When we have a problem or issue to deal with, then the ‘obvious’ path might be to punish them. You may think that ‘if they realise the punishment, then they will stop’. BUT these consequences might not even fit into the decision, because other pains, history, or needs are in the picture. They will have wronged others, and those people may seek revenge, but there is more to it than that.
For punishment to be effective it needs 5 components (James McGuire, What Works : Reducing Reoffending);
It needs to be:
- Inevitable – You will be caught
- Immediate – What you do is linked to being caught
- Severe – That the punishment is appropriately severe
- Able to choose an alternative behaviour – So that you can do something better. (There’s no point in punishing if you have no alternative coping mechanism)
- Comprehensible – that we understand the connection between the behaviour and the punishment
So, when someone is confronted, will the consequence fit this list, otherwise you may not get acceptance to the punishment, and therefore it won’t make any effect. That doesn’t mean there aren’t consequences. In fact, those consequences may well be punishment in itself.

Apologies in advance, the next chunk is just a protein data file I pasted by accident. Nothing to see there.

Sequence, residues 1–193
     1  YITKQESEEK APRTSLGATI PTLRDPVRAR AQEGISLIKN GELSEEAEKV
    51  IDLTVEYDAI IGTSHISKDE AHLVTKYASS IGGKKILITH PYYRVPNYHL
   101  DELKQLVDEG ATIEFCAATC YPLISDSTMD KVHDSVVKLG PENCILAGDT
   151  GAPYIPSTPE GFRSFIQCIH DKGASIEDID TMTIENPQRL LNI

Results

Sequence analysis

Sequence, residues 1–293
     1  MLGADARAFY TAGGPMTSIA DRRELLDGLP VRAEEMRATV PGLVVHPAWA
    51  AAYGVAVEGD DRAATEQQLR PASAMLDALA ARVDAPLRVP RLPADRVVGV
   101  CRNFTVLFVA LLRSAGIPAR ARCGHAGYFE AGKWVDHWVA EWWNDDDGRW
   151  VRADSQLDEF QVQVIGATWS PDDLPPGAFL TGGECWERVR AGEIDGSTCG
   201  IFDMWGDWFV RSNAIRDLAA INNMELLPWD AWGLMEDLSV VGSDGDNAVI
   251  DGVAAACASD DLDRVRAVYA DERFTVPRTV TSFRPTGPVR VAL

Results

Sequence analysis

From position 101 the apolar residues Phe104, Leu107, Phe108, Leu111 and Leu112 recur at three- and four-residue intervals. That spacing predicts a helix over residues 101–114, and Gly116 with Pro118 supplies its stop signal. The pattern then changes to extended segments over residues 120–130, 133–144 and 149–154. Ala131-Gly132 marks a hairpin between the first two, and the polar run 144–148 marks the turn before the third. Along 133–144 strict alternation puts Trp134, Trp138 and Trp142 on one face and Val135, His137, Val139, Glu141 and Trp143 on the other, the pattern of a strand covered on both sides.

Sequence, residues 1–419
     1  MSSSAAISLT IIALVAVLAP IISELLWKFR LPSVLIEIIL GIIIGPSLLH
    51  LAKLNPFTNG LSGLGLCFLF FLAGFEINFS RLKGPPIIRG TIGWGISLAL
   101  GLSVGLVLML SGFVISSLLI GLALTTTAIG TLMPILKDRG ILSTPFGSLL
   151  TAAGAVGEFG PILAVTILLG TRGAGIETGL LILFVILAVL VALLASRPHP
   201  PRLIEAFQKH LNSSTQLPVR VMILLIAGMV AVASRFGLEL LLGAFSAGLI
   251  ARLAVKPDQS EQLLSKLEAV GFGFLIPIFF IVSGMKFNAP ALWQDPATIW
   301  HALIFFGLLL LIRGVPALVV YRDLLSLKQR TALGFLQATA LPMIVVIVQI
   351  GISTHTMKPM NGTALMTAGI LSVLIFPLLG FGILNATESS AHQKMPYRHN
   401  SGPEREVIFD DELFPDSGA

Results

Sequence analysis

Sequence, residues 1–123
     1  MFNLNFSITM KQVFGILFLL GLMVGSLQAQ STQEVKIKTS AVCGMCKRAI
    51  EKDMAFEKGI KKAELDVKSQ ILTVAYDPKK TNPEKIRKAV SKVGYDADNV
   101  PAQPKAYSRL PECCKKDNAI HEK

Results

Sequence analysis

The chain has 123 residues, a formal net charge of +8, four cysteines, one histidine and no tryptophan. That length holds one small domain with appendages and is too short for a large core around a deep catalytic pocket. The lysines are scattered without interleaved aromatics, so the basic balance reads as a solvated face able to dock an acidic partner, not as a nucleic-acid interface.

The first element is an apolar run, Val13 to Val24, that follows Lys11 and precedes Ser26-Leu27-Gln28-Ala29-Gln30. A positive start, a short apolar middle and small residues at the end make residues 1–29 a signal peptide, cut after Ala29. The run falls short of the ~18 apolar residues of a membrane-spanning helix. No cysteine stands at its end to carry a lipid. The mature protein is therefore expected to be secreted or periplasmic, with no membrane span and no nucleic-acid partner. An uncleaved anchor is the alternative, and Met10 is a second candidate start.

In 1989 John Braithwaite introduced the idea of Restorative Justice that involves a process of restitution, restoration, and reconciliation. This contrasts with our ‘natural’ reaction of retributive justice and revenge. At its worst ‘retributive justice’ is hurt for hurt.
Bad Messages that Punishment can give
However, Punishment and Criticism are not effective ways to teach responsibility; harsh language doesn’t encourage diligence and hard work; harsh words may cause the relationship to suffer (Alasko, “say this, not that”). Punishment can give the wrong message:
- I’ll make you pay for your mistake
- I’m controlling and easily upset
- I will punish anyone who makes me feel bad
- I can’t deal with uncomfortable feelings
- I will punish you if I am disappointed
- I will punish you for criticizing me
- I will punish you for being late
- If I can’t have it may way, I won’t do it
- Something’s wrong with you for being sloppy
- I throw a tantrum when upset
- I know what’s wrong with you
- I’ll make you pay for frustrating my desires or for disappointing me
- I must use anger to control you
- Your problems aren’t real; there’s something wrong with you
- I don’t care about your tears, sadness, or emotion
- I’m going to act out my anger by punishing you
- At the first hint that I’ve been wronged, I attack
- I’m so much better than everyone else
- I can’t take responsibility for my own part in failure
- I’m distressed when I think I’ve been ignored
Which numbers on this list do you do?